German poet, dramatist, novelist and short story writer. Heinrich von Kleist is the author of an essay on puppet theatre, titled Über das Marionettentheater (On the Marionette Theatre), which remains one of the milestones in the theory of the theatre in general and of the marionette in particular. The essay was published in Berlin in the Berliner Abendblätter (Berlin Evening Paper, December 12-15, 1810). It is presented as a simulated dialogue between a fictional dancer and a narrator. In the essay, Kleist has one of the interlocutors comment that marionettes possess a grace humans do not.
Kleist was part of the Romantic tradition. Indeed, other artists of Romanticism, such as E.T.A. Hoffmann, J.A.C. Kerner, S.A. Mahlmann, Jean Paul (Johann Paul Friedrich Richter) and Ludwig Tieck, considered the puppet as the antagonist of the actor and thus expressed their deep dissatisfaction with the art of the flesh and blood performer. According to Kerner, “the puppets are much more relaxed, much more natural than real actors”. This judgement, that above all criticized the Berlin style of August Wilhelm Iffland, was symptomatic of the theatrical situation of the time.
For Kleist, the marionette is subject to the laws of mechanics, avoiding the unilateral nature of human individuality, and obeying the wishes of the puppeteer, which thus makes it the perfect interpreter. According to Kleist, the marionette has the advantage over the dancer or the actor of “never trembling”. Each movement “has its centre of gravity”; it is enough “to control this within the puppet”. The limbs of the marionette are “what they should be … lifeless, pure pendulums governed only by the law of gravity”. It is nothing other than the path taken by the soul of the dancer. The puppeteer can transpose himself into the centre of gravity of the marionette. In other words, the puppeteer dances.
Since in the marionette the soul and the movement of the limbs are one, the marionette was for Kleist the “symbol of ideal human nature”. When Kleist wrote that the actor (or the dancer) “puts on an affected air”, he meant that the actor (dancer) was neither aware of his/her own personality nor his/her own body. Self-consciousness gets in the way and can disturb natural grace. On the one hand, Kleist poses the question of ideal theatricality. Only the marionette would be likely to represent this theatricality, because it has no life outside the theatre. On the other hand, we can see here the bringing into play by Kleist of the philosophical meaning of “charm” and “grace”. “Grace appears most purely in that human form which either has no consciousness or an infinite consciousness. That is, in the puppet or in the god.”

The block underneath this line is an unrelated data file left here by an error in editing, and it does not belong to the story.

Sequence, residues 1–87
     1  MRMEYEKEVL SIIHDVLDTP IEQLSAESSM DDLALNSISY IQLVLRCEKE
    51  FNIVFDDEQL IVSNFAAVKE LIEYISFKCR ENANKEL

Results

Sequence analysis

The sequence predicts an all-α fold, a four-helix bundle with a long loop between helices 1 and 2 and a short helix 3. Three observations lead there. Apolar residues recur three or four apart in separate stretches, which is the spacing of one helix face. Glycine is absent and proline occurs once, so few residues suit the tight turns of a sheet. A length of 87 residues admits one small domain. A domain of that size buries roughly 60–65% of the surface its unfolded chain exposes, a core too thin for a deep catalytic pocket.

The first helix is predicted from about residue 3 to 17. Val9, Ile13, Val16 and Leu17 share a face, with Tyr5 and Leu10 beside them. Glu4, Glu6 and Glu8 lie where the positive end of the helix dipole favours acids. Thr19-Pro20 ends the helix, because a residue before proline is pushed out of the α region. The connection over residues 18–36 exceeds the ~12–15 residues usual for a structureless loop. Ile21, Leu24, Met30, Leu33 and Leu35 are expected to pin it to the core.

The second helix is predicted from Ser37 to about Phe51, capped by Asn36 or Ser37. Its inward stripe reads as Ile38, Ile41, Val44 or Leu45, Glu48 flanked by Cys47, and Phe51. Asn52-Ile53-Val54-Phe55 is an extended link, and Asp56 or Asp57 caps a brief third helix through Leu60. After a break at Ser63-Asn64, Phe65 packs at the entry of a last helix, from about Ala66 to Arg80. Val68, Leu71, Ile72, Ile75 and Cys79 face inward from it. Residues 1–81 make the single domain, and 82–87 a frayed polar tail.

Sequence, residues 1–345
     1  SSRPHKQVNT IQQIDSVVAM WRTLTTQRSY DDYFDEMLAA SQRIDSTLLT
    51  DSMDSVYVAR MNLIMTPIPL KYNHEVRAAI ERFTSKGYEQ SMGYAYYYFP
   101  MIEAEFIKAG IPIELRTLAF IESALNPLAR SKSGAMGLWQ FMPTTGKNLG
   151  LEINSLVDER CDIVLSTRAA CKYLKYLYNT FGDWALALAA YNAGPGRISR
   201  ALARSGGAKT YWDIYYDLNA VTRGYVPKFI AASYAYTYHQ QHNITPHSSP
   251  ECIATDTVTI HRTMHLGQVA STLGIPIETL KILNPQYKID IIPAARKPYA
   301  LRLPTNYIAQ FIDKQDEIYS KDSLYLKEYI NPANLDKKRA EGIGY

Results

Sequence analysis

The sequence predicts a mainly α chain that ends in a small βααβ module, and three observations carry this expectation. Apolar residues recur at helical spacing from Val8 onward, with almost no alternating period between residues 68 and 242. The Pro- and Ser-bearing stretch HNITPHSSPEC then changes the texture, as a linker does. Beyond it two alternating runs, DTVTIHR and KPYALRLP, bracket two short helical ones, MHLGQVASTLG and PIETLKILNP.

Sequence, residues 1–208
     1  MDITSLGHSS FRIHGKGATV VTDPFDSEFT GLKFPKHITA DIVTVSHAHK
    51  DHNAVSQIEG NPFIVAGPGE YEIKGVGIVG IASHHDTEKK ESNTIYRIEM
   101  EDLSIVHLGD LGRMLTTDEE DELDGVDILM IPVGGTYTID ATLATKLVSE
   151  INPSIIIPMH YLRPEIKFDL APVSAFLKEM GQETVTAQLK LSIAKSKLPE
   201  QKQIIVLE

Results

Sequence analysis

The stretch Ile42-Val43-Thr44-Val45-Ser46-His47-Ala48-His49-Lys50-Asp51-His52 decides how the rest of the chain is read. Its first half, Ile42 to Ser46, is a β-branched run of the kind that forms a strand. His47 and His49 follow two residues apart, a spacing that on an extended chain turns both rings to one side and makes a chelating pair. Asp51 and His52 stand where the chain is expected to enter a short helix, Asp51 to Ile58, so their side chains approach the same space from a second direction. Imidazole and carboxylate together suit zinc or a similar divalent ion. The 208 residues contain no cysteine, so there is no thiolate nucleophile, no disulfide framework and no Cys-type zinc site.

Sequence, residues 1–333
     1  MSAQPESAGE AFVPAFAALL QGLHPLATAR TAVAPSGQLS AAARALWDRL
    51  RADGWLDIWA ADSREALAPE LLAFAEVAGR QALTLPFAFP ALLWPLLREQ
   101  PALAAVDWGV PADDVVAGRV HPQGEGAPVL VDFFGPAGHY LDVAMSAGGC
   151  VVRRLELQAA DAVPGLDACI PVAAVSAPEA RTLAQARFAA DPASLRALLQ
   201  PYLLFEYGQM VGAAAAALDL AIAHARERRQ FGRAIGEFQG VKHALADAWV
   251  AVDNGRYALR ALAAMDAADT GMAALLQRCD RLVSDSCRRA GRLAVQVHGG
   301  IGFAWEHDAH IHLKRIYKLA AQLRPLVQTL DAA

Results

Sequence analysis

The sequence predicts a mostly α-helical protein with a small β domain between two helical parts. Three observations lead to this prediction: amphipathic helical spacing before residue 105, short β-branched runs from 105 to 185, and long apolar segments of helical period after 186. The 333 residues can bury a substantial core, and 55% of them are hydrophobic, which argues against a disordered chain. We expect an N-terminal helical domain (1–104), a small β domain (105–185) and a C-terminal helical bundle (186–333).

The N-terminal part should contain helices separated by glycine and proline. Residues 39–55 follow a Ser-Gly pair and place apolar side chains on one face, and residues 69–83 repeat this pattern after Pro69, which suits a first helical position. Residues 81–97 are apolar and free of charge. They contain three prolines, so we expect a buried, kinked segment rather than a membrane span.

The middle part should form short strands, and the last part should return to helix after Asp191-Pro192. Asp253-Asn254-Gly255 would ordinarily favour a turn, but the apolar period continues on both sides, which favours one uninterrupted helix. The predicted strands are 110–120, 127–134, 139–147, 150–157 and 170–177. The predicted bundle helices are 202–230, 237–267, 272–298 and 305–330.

Unlike Schiller in his essay Über Anmut und Würde (On Grace and Dignity, 1793), these concepts were not any longer pure moral categories for Kleist. They offered an aesthetic justification for an unconscious quality that Kleist projected into his marionettes, to the extent that it, as an artistic character, had no reflexive consciousness. This is why Kleist made the following theorem: “A mechanical model is likely to contain more charm than the edifice body of a human being.”
The comparison between the aesthetic qualities of live performers and those carved from wood has not ceased since the Romantic era and is being used to affirm the art of puppetry as a genre in its own right. Today, Heinrich von Kleist’s theorem takes on philosophical and theological meaning, linked to the history of art as also to the history of genres.
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- Kleist, Heinrich von. On the Marionette Theatre. Trans. by Idris Parry.
- Kleist, Heinrich von. Sur le théâtre de marionnettes [On the Marionette Theatre]. Trans. and presented by Jean-Claude Schneider. Rezé: Séquences, 1991; trans. by Jacques Outin, Paris: Éditions Mille et une nuits, 1998; trans. by Stéphane Braunschweig, Besançon: Les Solitaires intempestifs, 2003.
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- Theisen, Bianca. “Dancing with Words. Kleist’s ‘Marionette Theatre’”. MLN. Vol. 121, No. 3. German Issue (April 2006). Baltimore (MD): John Hopkins Univ. Press, 2006, pp. 522-529.